> but 6% is too low and doesn't match the numbers I know
Remember that until 2015, REWE was the only retailer in most of DE to even accept CCs, and even today, most CCs still have fees above 40€/year.
A card that no retailer accepts, which is useless in German online stores, and which costs you money, is only interesting to those who travel internationally.
There is also the 2013 Steinbeis Cost of Cash study: http://www.steinbeis-research.de/images/pdf-documents/CFP_Co... It cites EHI numbers, about 30% with a credit card.
It's pretty good and has more or less killed cloning.
A hundred grand for a few weeks or a month of work is way, way above that level. This is a jackpot, not a reward. Whether Uber threw out the number or the guy demanded probably won't ever be known, but I know where I'd put my bet.
For comparison, Apple's bug bounty program says they'll pay $100k for a hack to extract data from the secure enclave.
(Bug bounty programs are often probably underpaying compared to what something would be worth on the black market, but clean money is worth lots more than dirty money with a prison risk)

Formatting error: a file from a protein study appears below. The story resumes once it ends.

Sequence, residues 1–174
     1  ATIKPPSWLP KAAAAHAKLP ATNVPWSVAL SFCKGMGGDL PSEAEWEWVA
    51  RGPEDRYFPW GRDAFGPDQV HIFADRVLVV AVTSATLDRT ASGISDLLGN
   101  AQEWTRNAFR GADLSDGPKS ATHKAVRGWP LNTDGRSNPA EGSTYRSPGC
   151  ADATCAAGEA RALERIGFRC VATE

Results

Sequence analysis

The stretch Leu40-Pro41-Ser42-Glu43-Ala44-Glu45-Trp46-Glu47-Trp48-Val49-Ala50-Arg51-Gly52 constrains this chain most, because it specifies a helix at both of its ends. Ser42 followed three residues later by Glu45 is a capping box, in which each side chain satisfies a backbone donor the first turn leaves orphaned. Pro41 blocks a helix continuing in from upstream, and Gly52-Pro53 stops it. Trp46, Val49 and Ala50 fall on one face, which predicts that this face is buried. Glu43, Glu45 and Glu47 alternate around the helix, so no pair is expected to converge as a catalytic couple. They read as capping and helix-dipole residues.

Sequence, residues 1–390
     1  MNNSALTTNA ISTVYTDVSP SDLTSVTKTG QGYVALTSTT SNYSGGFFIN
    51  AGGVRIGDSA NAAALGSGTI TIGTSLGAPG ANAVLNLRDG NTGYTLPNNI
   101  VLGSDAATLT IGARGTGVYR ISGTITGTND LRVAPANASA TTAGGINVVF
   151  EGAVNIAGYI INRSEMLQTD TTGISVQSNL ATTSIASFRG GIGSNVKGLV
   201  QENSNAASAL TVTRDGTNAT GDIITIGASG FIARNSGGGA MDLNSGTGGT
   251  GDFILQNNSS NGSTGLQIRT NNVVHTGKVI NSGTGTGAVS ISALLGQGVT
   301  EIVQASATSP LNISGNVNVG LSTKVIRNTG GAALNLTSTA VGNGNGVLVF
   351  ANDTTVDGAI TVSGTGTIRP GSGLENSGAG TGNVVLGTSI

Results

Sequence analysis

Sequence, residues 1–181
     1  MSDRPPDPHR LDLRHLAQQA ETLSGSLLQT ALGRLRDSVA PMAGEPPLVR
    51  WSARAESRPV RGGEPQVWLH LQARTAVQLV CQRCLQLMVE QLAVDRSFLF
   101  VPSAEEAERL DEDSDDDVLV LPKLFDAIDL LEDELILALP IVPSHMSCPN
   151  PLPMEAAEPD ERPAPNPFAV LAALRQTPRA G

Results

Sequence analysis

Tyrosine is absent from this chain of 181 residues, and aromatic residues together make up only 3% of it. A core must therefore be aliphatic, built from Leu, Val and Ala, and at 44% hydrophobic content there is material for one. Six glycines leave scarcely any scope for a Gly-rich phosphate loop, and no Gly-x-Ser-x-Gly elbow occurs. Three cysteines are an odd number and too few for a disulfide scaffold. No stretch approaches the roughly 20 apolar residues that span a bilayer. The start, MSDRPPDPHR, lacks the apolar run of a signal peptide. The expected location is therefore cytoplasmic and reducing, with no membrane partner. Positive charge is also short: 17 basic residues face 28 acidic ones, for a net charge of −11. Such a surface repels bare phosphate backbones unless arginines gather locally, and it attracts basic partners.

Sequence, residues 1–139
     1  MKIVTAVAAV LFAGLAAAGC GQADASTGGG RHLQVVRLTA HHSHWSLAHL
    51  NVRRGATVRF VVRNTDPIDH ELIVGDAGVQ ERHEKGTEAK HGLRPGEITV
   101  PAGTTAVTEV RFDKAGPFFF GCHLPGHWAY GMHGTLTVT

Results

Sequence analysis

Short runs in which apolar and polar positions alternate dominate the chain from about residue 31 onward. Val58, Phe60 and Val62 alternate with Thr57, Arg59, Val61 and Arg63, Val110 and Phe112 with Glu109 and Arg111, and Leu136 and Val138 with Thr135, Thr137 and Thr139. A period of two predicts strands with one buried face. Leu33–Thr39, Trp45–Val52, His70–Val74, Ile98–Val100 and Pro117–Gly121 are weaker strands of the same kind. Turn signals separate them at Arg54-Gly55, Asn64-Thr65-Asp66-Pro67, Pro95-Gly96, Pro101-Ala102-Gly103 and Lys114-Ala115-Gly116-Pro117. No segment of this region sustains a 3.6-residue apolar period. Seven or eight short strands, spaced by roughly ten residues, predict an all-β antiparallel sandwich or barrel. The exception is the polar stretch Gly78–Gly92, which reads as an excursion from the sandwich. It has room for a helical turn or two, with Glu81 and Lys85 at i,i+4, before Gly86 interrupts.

1. Vulnerabilities in the individual websites of specific companies have typically little to no salable value on a “open market”, black or otherwise.
2. People who manage bug bounty programs know this, and those programs are not designed to compete with a shadowy underworld. They’re just an incentive for reporting security vulnerabilities.
3. Apple’s security vulnerabilities actually do compete with a market for the sale of exploits, but this is because vulnerabilities in iOS or macOS represent vulnerabilities in deployed operating systems and software for which they are not the sole arbiter of an update decision.